Japan’s Nuclear Problem

Pouring seawater in means these power stations are done! That, of course, is the least of anyone’s concern.

Seawater. That was the scare word for me. Reuters reported

Tokyo Electric Power (TEPCO) workers on Sunday were pouring seawater into two reactor cores at the coastal Fukushima Daiichi power plant and were considering using seawater on a third. Authorities have been forced to vent radioactive steam into the air to relieve pressure in the plant and reactors at the company’s nearby Daini plant are also troubled.

Pouring seawater in means these power stations are done! That, of course, is the least of anyone’s concern.

“I am not aware of anyone using seawater to cool a reactor core before. They must be desperate to find water and the seawater was the only thing nearby,” said Richard Meserve, former chairman of the U.S. Nuclear Regulatory Commission

Nuclear power is enticing. When it works well it works really well. Electricity produced at nuclear power plants normally comes with little environmental impact. Here’s the icing on the cake: The Department of Energy says after all costs are taken into account nuclear generation costs half as much per kilowatt hour than conventional fossil fuel plants! That’s a big deal.

Of course when nukes go bad the downside is catastrophic. The devastation Japan has already seen might be just the beginning.

Nuclear power production is similar to conventional power production: steam powers turbines. The heat that produces the steam comes from nuclear fission.

Here’s the rub. The fission must be kept under control otherwise the nuclear fuel will get very hot. We’re talking thousands of degrees hot!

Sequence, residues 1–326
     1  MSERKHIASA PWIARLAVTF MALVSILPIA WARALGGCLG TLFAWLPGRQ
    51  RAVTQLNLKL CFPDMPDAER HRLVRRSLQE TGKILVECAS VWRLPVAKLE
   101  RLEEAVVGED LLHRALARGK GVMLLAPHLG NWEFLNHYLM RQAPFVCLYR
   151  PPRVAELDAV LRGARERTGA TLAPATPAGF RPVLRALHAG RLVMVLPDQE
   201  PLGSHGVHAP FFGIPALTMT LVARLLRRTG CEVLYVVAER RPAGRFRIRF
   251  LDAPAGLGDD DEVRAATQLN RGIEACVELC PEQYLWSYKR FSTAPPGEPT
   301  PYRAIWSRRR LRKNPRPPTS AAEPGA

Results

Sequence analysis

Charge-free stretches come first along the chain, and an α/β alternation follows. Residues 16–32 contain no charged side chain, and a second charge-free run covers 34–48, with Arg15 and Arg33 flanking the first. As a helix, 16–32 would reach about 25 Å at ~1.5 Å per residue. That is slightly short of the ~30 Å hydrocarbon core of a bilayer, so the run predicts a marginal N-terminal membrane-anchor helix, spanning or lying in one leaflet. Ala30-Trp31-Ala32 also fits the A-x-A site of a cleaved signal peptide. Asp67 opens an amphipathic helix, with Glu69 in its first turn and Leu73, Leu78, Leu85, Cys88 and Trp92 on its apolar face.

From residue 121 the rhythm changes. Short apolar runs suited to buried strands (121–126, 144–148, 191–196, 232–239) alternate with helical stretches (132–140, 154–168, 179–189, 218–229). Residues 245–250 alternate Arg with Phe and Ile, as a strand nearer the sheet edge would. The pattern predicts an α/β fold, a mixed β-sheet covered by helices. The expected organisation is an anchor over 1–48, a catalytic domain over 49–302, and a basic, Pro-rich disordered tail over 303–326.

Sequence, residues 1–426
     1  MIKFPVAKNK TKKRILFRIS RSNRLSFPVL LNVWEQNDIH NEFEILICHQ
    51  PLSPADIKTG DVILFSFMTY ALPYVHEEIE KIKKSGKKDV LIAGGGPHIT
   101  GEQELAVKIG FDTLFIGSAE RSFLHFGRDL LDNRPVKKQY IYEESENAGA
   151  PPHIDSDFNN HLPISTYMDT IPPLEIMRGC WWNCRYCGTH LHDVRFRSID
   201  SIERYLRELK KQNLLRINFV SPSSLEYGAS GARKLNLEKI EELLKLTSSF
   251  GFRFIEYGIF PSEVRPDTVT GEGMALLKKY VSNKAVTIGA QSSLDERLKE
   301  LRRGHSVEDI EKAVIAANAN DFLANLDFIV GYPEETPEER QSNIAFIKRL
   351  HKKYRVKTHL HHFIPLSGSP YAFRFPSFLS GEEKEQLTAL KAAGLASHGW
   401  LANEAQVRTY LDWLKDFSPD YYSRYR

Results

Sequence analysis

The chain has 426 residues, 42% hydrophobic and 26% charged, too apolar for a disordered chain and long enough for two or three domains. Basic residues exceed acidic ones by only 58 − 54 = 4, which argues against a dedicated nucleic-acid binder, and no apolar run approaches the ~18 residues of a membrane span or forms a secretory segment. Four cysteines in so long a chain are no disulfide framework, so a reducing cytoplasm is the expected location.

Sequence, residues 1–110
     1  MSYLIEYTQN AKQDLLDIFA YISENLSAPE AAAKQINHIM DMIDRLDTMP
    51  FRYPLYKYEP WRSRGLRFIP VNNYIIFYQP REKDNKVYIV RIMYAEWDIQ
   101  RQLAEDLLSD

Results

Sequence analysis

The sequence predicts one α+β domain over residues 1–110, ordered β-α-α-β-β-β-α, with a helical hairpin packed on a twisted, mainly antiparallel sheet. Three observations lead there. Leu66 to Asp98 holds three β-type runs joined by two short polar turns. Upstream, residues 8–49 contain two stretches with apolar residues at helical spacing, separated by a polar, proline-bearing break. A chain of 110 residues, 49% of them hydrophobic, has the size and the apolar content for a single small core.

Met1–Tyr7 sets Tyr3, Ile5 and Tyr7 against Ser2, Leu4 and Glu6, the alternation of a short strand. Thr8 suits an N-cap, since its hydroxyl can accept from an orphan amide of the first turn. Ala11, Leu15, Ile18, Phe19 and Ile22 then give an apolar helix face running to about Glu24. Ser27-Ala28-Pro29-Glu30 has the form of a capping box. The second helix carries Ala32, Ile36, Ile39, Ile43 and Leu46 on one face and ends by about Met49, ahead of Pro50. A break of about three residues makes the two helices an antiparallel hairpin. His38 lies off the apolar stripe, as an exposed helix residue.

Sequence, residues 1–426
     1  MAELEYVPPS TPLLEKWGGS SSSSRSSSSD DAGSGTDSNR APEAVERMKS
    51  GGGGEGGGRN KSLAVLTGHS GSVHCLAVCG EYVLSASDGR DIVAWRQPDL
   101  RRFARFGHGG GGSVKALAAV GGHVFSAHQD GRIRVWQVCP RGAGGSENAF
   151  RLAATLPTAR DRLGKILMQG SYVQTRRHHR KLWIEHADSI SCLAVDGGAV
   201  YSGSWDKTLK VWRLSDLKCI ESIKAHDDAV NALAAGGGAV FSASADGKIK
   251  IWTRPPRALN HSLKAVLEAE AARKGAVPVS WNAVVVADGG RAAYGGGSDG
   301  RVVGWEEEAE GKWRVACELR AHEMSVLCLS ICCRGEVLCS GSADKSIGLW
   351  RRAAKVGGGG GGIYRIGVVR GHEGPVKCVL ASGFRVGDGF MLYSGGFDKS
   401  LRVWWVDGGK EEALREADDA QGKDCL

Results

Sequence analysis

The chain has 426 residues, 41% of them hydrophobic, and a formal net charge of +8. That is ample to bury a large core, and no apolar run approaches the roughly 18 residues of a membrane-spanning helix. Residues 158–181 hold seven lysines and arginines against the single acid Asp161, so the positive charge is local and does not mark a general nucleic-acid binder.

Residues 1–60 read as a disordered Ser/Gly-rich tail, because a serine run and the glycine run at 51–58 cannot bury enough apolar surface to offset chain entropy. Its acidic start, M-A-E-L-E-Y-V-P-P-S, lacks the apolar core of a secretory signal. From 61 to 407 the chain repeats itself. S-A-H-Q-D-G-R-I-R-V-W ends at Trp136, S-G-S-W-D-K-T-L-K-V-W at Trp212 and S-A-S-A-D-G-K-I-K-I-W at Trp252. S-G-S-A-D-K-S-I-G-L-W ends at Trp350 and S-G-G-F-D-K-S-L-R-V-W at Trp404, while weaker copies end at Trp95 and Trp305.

If left uncontrolled temperatures can rise high enough to melt the radioactive fuel rods and breech the reactor vessel and containment structure. That would release uranium and it’s byproducts into the environment.

After Chernobyl the Russians were forced to permanently evacuate a sizable radius around the power plant. That’s already happened at least temporarily in Japan.

Using seawater to try and cool the reactor has been described by one expert as a “Hail Mary pass.” Hail Mary passes usually don’t work.

16 thoughts on “Japan’s Nuclear Problem”

  1. Seems they have decided to use seawater in the hopes they can delay a meltdown long enough so they can fix any damage inside the reactor as well as getting the cooling mechanisms fixed. Which in theory should work if the process is not too far along already, the thing with seawater is that its highly corrosive so eventually the seawater will just add to the problem…it’s a quick fix at best but it’s better than nothing…

  2. It’s unfortunate that generators failed and heard that Reactor #3 is more dangerous than #1 because it is a MOX (Mixed oxide) reactor. It has a greater chance of melting down.

  3. I found this yesterday and it was (pardon the pun) illuminating:
    “An article written by someone who actually knows something about nuclear plants:”


    Comparisons to Chernobyl aren’t good since it’s apparently better designed. And, according to this, the vented “radioactive” steam was only radioactive for seconds or minutes due to the isotopes involved. I’m not a nuclear physicist, but ts article has been picked up and re-posted several times now, by people who know more about this that I do.